Peoples was one of the stars of a recent documentary film about the success of the Project SEARCH model and how it fits into a hotel environment. The title of the film is “Work Their Best” which is based on a quote from Peoples’ filmed interview when he shared his advice with prospective employers about hiring people with Autism Spectrum Disorder. He said, “Let them work their best. That would be great for them and they will be grateful for you.”
#RespectTheAbility Success Stories
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- Physical Limitations Don’t Stop the Spece Brothers From Making Their Dreams Come True
- Kwik Trip’s Retail Helper Program a “Blueprint” for Other Companies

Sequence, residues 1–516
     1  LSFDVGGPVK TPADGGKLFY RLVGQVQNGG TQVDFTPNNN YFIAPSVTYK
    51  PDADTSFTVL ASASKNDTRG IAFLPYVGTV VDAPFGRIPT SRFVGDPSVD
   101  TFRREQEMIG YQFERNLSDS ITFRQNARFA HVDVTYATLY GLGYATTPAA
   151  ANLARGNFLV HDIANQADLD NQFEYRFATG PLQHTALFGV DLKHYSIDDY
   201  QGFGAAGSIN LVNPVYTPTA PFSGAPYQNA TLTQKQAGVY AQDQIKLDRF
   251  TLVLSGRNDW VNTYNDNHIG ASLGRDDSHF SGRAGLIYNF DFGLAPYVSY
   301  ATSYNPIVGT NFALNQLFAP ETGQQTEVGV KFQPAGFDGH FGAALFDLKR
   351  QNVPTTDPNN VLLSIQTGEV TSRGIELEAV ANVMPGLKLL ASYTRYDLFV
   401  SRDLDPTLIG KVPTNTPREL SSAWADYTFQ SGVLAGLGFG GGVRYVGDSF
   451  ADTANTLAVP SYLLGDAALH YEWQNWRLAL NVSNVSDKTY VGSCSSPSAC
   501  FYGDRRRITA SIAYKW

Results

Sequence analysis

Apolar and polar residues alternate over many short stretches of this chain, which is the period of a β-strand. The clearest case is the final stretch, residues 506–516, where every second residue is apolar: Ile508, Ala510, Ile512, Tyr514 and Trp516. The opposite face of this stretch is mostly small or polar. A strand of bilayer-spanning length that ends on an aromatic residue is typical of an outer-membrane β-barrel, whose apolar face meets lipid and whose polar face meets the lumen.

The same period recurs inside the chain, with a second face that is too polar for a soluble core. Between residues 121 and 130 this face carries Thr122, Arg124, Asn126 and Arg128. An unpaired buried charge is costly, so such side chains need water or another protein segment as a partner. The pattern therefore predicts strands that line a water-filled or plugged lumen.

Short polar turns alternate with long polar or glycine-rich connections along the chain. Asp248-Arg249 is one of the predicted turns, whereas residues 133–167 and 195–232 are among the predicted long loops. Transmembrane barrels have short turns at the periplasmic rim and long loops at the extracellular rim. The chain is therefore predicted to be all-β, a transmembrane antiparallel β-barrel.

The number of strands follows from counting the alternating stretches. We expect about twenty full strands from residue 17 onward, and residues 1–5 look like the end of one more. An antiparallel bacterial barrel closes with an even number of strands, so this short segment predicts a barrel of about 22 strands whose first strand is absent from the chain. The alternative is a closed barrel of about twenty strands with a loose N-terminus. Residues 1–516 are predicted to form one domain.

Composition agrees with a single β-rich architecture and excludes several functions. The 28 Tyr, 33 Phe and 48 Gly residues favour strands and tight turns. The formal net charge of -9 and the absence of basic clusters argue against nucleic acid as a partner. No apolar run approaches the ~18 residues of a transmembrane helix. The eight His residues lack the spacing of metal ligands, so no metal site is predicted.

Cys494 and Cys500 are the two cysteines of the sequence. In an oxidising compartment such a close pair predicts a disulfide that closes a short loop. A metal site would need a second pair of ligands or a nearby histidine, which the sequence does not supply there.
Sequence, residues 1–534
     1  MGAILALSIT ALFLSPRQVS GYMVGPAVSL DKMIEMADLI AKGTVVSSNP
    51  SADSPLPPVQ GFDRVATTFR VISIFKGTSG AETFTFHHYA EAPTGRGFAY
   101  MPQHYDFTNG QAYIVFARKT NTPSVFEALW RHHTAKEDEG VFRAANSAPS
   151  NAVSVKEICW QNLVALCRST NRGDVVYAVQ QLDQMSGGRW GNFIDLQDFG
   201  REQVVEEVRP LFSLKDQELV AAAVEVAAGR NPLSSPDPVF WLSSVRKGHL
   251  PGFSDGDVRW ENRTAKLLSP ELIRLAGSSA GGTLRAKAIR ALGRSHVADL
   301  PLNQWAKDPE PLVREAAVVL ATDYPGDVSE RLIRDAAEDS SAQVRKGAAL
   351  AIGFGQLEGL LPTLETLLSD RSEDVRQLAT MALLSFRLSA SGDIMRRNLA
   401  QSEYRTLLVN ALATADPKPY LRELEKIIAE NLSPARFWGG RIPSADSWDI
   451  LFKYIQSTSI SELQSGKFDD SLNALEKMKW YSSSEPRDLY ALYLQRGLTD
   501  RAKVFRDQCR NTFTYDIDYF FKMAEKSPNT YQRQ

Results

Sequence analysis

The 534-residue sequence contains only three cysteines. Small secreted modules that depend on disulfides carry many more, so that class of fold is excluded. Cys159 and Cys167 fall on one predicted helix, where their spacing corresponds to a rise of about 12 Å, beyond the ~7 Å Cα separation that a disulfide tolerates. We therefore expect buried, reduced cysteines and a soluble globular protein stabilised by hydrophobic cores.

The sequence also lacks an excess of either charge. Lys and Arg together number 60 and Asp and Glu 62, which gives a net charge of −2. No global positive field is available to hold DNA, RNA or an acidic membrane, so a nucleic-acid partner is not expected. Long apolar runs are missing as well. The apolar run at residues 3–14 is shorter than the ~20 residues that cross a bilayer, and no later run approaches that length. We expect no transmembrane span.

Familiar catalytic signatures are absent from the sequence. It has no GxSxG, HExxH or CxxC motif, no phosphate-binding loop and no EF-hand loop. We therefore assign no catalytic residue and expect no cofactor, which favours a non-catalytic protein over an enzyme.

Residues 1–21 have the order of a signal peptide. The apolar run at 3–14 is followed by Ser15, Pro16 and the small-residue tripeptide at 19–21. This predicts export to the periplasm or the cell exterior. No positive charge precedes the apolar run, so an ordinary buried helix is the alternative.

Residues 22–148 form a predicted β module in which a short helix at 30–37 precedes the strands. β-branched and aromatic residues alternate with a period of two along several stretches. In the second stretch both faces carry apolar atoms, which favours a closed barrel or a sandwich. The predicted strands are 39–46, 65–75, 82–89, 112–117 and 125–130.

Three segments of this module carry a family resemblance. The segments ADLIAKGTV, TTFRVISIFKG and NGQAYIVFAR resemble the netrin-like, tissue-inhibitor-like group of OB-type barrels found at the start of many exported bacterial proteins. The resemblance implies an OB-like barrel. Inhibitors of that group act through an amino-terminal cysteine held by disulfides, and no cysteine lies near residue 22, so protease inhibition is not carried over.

- AT&T: Every Voice Matters – Fortune 50 Global Company is Top Employer of People with Disabilities
- If you can make it there, you can make it anywhere: Inclusion at EY
- Youth with disabilities help make government work better
- Young people with disabilities help senior citizens: Provide excellent workforce for the future
- Workers with disabilities help hospitals help patients
- Autistic man on path to become an organic farmer
Download our free toolkit, “Disability Employment First Planning Tool,” for more information.